On Your Marks, Get Set, Bake up a Treat with Adam Matthew Digital

29 August 2019

Cultural Studies | History

Allow me to make something clear: I will find any excuse to treat myself to baked goods. Cake, bread, pastries, and biscuits, I love the lot, and the return of the Great British Bake Off to our TV screens this week was as good an excuse as any to tuck in. One of my favourite parts of the show has always been the food history segments in the later episodes because of the unusual facts they share. After the show, it wasn’t only angel slices I was hungry for.


While exploring our J. Walter Thompson: Advertising America collection, I encountered a beautifully illustrated booklet published in 1957 called Breads of Many Lands by Clara Gebhard Snyder which immediately took my eye. Not only does it include various recipes for breads from all over the world, but it also includes handy bread-baking hints and tips, such as timesavers and how to care for breads after baking.

Breads of Many Lands (c) J. Walter Thompson. Further reproduction prohibited without permission. Breads of Many Lands is currently open access until 30th September 2019. Please click the image to view the document.

Food is a universal language. In this language, the word  Bread is perhaps best known. […] In every part of the world people eat some form of bread.’ – Clara Gebhard Snyder.


As much as the beginning of the introduction to this booklet may seem to state the obvious, I found its message inspiring and I was compelled to learn more. I’m not much of a baker myself but, in the spirit of Bake Off and despite it not being bread week, I decided to take part in my own technical challenge.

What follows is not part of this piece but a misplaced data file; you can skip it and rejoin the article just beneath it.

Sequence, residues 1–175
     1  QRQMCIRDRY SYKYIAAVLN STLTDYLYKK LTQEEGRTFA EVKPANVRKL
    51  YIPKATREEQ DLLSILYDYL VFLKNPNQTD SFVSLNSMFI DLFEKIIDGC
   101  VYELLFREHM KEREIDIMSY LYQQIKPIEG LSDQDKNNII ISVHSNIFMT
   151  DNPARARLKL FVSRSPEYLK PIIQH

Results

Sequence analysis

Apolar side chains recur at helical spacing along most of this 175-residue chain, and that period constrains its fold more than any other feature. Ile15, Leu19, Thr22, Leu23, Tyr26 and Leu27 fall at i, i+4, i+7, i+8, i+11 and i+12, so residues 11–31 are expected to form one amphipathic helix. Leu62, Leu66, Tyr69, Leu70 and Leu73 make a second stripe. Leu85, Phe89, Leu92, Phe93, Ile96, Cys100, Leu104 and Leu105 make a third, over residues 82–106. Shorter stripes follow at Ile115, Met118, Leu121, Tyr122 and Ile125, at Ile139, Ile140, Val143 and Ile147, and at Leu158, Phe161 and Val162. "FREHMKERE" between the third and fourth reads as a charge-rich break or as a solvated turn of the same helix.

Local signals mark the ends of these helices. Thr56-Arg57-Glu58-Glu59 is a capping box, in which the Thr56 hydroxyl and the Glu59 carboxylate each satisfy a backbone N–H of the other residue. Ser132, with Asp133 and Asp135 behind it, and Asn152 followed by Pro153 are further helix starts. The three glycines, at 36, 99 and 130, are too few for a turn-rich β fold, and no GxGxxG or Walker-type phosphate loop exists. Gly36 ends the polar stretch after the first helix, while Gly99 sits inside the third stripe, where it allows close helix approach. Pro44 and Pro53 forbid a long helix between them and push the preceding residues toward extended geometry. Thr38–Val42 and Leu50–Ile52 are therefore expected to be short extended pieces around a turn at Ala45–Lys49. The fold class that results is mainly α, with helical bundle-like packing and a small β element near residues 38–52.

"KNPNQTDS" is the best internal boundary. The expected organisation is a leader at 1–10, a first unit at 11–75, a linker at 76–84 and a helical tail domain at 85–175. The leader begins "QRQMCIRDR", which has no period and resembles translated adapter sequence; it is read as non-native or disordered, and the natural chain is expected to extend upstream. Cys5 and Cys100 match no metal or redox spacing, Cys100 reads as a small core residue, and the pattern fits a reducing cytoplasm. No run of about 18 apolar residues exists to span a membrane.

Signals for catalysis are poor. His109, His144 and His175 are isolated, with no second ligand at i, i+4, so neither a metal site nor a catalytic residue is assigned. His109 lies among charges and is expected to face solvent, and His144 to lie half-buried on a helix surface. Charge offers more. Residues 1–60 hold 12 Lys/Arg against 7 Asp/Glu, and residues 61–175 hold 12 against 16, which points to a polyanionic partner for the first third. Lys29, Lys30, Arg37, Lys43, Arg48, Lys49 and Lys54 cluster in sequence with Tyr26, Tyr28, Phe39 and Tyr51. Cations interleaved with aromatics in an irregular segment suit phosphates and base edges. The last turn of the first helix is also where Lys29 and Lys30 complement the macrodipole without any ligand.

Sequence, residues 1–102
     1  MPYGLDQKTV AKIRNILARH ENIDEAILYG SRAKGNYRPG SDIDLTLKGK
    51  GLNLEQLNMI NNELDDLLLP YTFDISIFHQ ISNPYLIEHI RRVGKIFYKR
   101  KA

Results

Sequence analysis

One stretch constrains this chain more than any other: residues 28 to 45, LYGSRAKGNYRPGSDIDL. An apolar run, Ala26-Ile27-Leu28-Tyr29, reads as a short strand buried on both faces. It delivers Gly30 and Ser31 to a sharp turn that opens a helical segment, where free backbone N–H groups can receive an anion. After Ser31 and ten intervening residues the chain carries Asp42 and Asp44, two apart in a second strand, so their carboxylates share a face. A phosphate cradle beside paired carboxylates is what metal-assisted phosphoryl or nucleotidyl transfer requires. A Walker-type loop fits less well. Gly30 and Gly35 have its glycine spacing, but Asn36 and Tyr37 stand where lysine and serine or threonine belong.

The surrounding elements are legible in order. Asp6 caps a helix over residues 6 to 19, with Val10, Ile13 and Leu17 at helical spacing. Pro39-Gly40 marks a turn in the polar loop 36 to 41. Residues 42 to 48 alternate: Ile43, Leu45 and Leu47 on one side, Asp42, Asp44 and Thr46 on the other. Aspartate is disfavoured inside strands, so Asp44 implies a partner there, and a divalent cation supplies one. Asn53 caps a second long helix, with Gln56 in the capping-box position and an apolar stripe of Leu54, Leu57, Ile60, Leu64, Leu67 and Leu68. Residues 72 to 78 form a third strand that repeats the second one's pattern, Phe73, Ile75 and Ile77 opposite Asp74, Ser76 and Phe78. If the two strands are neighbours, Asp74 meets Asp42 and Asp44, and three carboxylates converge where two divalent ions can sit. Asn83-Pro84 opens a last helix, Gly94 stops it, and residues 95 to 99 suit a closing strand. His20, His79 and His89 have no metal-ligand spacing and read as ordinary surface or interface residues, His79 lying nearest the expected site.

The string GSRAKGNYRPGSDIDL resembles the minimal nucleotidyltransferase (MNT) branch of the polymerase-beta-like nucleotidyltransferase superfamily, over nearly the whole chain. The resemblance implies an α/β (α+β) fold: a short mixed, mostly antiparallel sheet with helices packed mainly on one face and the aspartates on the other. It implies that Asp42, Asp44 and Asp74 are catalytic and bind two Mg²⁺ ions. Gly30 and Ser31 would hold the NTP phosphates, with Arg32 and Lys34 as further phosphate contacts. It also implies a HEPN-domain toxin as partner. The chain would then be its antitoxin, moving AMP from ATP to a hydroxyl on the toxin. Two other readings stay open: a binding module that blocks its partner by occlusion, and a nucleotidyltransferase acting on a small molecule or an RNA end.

From Viennese Striesels and Grecian Feast Breads, to the Russian Kulich and the English Sally Lunn, there was plenty of recipes for me to choose from. I decided to challenge myself with the Danish Coffee Twist, purely so I could wash my attempt down with a nice cuppa it turned out bad.

My first attempt at baking a Danish Coffee Twist. Photo (c) Matthew Thorpe-Coles.


What was the verdict? I wouldn’t say it was worthy of a Paul Hollywood handshake (even if he does give them out like hot cakes these days!) but I don’t think I’d have been asked to leave the tent this week.


Breads of Many Lands is currently Open Access until 30th September 2019, so why not delve into the booklet yourself and try out some bakes of your own?


If you’re keen to explore more from the J. Walter Thompson: Advertising America collection please contact us at This email address is being protected from spambots. You need JavaScript enabled to view it.for more information, including trail access and price enquires.

If you're interested in food history, we will soon be publishing our new Food and Drink in History collection. You can pre-register your interest in this collection here.

About the Author

Santino Prinzi

Santino Prinzi

I joined Adam Matthew as a Copyright and Permissions Assistant in October 2018. My academic background lies in English literature and creative writing, with specialisms in Modernism, contemporary literature, digital culture, flash fiction, and the prose poem.

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